A Way to Stand Out
Released on June 14th, one could be forgiven for overlooking Lanota due to all the excitement from E3. After all, Nintendo Switch owners would be busy playing Fortnite and speculating about the latest entry to the Super Smash Bros series. Throw in the fact that Lanota is a member of the niche rhythm game genre and a port of a 2016 mobile game. Then to top it all off, most rhythm game fans are probably looking forward to Musynx. So Lanota is up against some stiff competition, but after spending some time with it, I can say I am liking what is on offer.
It might be standing in the shadow of far bigger titles and news, but Lanota does an excellent job of standing out from other games in the genre. One being the way it is played and the other being the fact that it actually has a story. The former making it feel fresh and the latter making it feel like more effort has gone into this title than you’d expect. In fact at the low price of $14.99 Lanota boasts a collection of 70+ tracks.
It certainly isn’t common for a rhythm game to have a story, I believe some of the Guitar Hero games had some kind of narrative, but Lanota features a story that could’ve been transplanted from the last JRPG you played coupled with some lovely little illustrations. To progress through the story is simple. When you beat a song, you unlock a new chapter that you can view whenever you please. Chapters are tied to specific songs, so you might be missing some chapters and view a story that is missing some detail.
It is a simple story. The world is black and white, lacks music and you and your companion must make your way to restore colour and sound to “Notalium.” All in all it’s a fairly standard story. It certainly isn’t anything to get excited about and feels better suited to the casual phone market. Any hardcore gamer would be familiar with the tropes if they’ve played more than 2 JRPGs’. However it isn’t intrusive at all as apart from the first 3-4 songs/chapters it is all totally optional fluff.
What makes Lanota stand out from other rhythm games and shine though is how you play. It is one of the few Switch games to make exclusive use of touch control making it only playable whilst undocked. Now the touch controls aren’t what make it unique, but the fact that you play on a 360 degree field. Your inputs are simple; tap, hold and flick up and down. Combine these with the ‘plate’ and you have a nice twist on a classic formula. Inputs can appear anywhere, at first they may appear fairly close, but on harder tracks/difficulties they are spaced as far apart as possible and keeping track becomes a challenge, but the good kind. Another feature of the ‘plate’ is that is will spin as you play. Making things even more hectic, in fact sometimes it darts around quite erratically.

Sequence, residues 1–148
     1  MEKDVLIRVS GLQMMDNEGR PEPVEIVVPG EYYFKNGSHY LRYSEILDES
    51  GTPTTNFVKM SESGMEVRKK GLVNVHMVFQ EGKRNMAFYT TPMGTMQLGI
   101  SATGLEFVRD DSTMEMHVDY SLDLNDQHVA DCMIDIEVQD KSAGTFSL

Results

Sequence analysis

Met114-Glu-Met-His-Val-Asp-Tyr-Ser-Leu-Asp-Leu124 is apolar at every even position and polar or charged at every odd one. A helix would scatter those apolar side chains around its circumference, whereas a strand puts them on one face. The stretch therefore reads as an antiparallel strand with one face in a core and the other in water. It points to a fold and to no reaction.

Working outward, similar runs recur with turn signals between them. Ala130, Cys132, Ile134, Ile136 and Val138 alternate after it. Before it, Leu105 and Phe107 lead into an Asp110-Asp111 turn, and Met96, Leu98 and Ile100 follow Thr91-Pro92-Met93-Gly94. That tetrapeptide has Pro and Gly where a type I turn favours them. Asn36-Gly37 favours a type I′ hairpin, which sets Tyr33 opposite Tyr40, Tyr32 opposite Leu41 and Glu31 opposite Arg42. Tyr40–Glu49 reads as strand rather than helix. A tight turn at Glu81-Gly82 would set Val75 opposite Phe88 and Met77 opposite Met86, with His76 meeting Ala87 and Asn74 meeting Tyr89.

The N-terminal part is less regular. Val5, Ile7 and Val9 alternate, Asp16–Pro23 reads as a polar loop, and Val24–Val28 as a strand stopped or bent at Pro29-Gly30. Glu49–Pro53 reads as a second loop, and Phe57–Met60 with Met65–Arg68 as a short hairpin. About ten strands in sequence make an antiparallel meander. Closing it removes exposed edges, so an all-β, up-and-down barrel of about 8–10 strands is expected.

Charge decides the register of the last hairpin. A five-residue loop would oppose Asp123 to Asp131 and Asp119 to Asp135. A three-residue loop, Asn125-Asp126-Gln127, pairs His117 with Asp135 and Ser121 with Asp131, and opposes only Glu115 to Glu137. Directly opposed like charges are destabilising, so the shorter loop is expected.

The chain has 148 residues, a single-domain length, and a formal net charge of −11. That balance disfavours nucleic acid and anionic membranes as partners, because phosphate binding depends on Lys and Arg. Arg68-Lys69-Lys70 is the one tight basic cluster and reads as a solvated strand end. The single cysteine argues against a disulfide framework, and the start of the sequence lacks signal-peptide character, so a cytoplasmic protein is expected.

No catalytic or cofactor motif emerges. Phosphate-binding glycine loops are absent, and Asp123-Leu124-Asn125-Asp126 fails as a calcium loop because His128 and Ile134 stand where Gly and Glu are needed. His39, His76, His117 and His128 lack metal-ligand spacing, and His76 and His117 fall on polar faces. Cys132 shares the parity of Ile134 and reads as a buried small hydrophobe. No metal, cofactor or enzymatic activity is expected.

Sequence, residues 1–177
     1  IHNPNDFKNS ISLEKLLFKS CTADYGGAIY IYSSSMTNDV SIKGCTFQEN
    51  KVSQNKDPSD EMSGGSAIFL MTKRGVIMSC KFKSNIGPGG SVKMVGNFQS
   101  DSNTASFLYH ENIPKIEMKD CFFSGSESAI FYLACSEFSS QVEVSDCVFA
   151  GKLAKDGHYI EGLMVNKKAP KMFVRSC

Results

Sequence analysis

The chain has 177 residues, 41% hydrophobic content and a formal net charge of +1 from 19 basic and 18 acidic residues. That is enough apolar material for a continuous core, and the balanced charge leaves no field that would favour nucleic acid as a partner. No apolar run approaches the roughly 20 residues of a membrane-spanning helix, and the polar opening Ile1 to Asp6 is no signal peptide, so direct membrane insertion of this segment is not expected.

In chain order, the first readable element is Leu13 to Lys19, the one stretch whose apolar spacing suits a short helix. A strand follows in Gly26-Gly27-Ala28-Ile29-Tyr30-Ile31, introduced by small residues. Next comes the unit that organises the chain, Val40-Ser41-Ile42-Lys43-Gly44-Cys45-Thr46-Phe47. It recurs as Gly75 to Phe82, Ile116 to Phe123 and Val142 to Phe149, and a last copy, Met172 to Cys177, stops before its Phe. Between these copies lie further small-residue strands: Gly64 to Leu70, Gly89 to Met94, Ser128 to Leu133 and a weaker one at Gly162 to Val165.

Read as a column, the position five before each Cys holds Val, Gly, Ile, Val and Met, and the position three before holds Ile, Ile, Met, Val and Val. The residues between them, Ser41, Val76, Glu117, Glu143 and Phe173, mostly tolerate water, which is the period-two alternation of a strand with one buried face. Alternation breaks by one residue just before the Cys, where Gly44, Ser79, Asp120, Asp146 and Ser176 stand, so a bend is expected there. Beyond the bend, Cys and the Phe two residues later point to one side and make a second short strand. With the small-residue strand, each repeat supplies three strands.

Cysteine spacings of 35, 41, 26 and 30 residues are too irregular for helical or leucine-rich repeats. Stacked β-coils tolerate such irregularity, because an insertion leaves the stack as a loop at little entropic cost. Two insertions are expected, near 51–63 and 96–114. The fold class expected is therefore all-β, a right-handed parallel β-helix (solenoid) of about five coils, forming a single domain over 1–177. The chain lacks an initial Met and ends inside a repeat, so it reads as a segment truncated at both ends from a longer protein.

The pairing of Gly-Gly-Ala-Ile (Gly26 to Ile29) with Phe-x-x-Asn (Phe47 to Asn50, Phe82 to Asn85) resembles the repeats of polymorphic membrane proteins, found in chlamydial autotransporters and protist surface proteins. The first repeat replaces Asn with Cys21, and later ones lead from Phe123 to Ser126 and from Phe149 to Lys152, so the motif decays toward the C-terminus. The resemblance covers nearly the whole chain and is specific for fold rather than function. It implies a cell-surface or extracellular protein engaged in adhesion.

The gameplay in Lanota is awesome and tapping the inputs on one side and tracing the hold notes on the other feels natural and satisfying. With limited amount of inputs the difficulty is maintained thanks to the 360 degree field and for the most art every aspect of the gameplay works great. There is however one little part that annoys me and that is the times the ‘plate’ can move quite erratically and is unpredictable. It doesn’t happen often and once a track is memorized it becomes a small issue, but if you forget sometimes it feels cheap to lose your combo due to something that is unpredictable.
Of course good gameplay is only half of the story. The other and equally important half is the selection of music. As I already mentioned Lanota features a massive 70+ songs to choose from. It certainly is an awesome amount on offer for a game that is only $14.99. In terms of the music on offer Lanota offers a wide variety of genres. It does seems to have a lot of tracks that wouldn’t seem out of place in a JRPG though, which is no surprise as it certainly aims for that kind of experience through the story and UI. A lot of these tracks do have a distinct fantasy feel to them. There is of course a selection of rock, electronic, dance and others to choose from. Like any good rhythm game there’ll be some you love and some you may be turned off by. Some dubstep sounding songs I only played once, but others I have had stuff in my head for days.
It is no wonder that Lanota managed to get some awards under its belt as it strives to offer everything a rhythm game fan would want and some things they might not expect (the story). It offers four different difficulties. I’ve been playing on the difficulty just under the hardest and can say at the moment it offers a reasonable challenge, but isn’t too chaotic. Two types of modes to play “tune” and “purify.” Tune will let you play the entire song no matter what and purify will end your playtime if you make too many mistakes. A stats menu you to list your total score and how many of each rank you’ve achieved. A gallery to look through the illustrations you’ve brought colour back to. It really is amazing how much it offers even if some of the extras are quite throwaway.
Also it is worth nothing that the mobile version is free, but has ads and you do have to pay for more songs. So if you want to try a free demo, check out that version. I am not 100% how much all the content costs on mobile, but from my brief research the Switch version is cheaper compared to buying all the DLC at time of release on mobile.
System reviewed on: Nintendo Switch.
Disclaimer: A review code for Lanota was provided by Circle-Entertainment.